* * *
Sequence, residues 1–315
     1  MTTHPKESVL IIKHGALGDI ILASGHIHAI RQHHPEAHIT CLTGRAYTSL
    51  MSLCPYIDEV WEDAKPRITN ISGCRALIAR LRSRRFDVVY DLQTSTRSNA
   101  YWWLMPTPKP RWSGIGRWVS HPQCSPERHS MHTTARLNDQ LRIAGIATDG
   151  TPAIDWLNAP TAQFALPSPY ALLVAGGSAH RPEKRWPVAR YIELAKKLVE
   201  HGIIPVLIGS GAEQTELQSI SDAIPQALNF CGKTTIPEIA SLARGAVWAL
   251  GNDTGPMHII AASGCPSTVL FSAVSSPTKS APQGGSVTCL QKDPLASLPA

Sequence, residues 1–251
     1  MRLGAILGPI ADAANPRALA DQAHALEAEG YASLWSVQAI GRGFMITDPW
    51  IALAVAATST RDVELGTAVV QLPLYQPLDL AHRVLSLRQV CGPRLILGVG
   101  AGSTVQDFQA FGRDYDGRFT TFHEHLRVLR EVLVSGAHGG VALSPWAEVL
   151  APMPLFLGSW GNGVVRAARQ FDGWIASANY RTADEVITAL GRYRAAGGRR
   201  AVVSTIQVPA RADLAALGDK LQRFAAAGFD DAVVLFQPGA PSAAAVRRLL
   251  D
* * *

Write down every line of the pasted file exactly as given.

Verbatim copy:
Sequence, residues 1–315
     1  MTTHPKESVL IIKHGALGDI ILASGHIHAI RQHHPEAHIT CLTGRAYTSL
    51  MSLCPYIDEV WEDAKPRITN ISGCRALIAR LRSRRFDVVY DLQTSTRSNA
   101  YWWLMPTPKP RWSGIGRWVS HPQCSPERHS MHTTARLNDQ LRIAGIATDG
   151  TPAIDWLNAP TAQFALPSPY ALLVAGGSAH RPEKRWPVAR YIELAKKLVE
   201  HGIIPVLIGS GAEQTELQSI SDAIPQALNF CGKTTIPEIA SLARGAVWAL
   251  GNDTGPMHII AASGCPSTVL FSAVSSPTKS APQGGSVTCL QKDPLASLPA

Sequence, residues 1–251
     1  MRLGAILGPI ADAANPRALA DQAHALEAEG YASLWSVQAI GRGFMITDPW
    51  IALAVAATST RDVELGTAVV QLPLYQPLDL AHRVLSLRQV CGPRLILGVG
   101  AGSTVQDFQA FGRDYDGRFT TFHEHLRVLR EVLVSGAHGG VALSPWAEVL
   151  APMPLFLGSW GNGVVRAARQ FDGWIASANY RTADEVITAL GRYRAAGGRR
   201  AVVSTIQVPA RADLAALGDK LQRFAAAGFD DAVVLFQPGA PSAAAVRRLL
   251  D